Improve Strategies for Current Economy
Your Marketing Strategies and Today’s Economy Everyone reading this is a marketer at the end of the day, so you know that traditional marketing methods are often no longer tried and true steps to success in the current economy. There are a lot of influences outside the market that have caused us to have to look at our current strategies and make the necessary changes required to keep “business as usual” running smoothly into 2011.
Things to Consider
• Aside from the recession itself, in many ways the online marketplace has really hit its maturity peak. E-commerce has doubled in growth in the last couple of years and things seem to be leveling off and in some cases, even declining before leveling off, although this holiday season is seeing gains. What this generally means in economic terms is that any future growth in the online industries will most likely come at the expense of your competitors or use of other distribution channels.
• Consumers are learning to research products before they make a purchase and in some cases, locations outside of your actual business website are quite literally where the initial process of conversion takes place. This means taking advantage of social media including your blogs, Twitter, Facebook, YouTube as well as any other type of review, information or promotional destinations you own or to which you have access. Thinking outside the box is no longer just a catch-phrase or a promotional “option,” it’s how you need to run your business in order to survive.
• Although it’s a perennial catch phrase, consumer trust is at an all-time low. The best advertising you could ever hope to get in this day and age is the recommendation of a trusted friend, family member, colleague or respected reviewing consumer. A Nielsen study in revealed that only 1-in-10 consumers actually trusts any type of advertising any more – either online OR offline. However, in the same study it was found that roughly 1-in-3 consumers say that they completely trust the recommendations they receive from people they know or respect – think about that for a moment.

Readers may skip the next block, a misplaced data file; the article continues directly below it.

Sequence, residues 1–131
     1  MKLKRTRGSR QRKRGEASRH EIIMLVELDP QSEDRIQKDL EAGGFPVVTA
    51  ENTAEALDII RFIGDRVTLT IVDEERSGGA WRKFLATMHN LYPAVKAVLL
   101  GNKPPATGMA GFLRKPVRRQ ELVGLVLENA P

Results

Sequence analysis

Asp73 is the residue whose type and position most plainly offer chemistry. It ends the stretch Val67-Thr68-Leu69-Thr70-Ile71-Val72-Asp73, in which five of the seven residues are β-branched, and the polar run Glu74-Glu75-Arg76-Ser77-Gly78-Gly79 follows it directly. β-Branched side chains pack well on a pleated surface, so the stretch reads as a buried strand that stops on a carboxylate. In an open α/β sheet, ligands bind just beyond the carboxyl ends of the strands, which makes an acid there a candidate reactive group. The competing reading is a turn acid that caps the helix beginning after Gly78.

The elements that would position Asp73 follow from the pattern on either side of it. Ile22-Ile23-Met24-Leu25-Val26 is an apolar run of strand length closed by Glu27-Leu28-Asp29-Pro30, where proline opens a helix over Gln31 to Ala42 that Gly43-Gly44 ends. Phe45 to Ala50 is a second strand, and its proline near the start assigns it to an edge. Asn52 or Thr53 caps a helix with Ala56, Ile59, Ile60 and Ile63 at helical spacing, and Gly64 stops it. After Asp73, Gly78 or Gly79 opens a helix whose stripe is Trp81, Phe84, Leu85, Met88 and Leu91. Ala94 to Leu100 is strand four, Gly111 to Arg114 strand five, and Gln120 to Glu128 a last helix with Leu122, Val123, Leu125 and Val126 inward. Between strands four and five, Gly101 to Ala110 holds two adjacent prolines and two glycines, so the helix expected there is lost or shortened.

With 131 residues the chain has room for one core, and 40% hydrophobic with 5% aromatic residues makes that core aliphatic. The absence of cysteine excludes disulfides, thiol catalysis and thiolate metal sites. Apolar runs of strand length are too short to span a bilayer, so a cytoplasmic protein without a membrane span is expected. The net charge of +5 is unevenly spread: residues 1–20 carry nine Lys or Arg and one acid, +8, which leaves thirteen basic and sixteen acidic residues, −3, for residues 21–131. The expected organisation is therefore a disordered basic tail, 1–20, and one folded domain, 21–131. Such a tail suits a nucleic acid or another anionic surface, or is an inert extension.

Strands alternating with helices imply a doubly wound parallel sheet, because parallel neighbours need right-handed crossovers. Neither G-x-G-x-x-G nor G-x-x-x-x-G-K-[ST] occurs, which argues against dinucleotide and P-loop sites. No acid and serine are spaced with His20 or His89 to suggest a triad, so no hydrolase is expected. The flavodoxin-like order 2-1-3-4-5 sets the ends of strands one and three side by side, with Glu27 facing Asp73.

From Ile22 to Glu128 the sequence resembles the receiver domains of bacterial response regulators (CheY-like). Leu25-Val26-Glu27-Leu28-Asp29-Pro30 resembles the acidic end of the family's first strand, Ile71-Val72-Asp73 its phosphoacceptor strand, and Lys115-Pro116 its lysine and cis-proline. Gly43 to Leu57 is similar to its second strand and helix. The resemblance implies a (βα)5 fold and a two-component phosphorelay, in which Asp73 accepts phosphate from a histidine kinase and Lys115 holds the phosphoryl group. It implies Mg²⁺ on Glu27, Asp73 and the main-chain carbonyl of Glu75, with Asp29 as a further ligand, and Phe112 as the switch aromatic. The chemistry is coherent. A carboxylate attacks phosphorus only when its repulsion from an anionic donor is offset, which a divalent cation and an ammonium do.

• Price is no longer the determining factor in choosing where to make a purchase or which site to subscribe to for content delivery. Price margins continue to erode as more transparency is revealed and more reviews are posted comparing prices as well as pros and cons of engaging with various online businesses. Instead, you must focus on building a solid relationship with your customer base, as well as focusing on providing good customer service, both of which will help you to build a good reputation in the industry. The top things that customers really expect to get out of a relationship with a seller today are a trusting relationship and excellent customer service. Don’t let them down.
Tips to Get You On-Track
#1 – Listen
Use social media tools to listen to what consumers like, dislike or want out of their experience with your company. Use many different layers of interactive outlets such as forums, e-mail feedback and social tools to help you to understand what you can do to improve your business and marketing efforts. Keep your information and contact through these tools relevant and current – making sure to check messages, postings and comments on a daily basis, if not more frequently.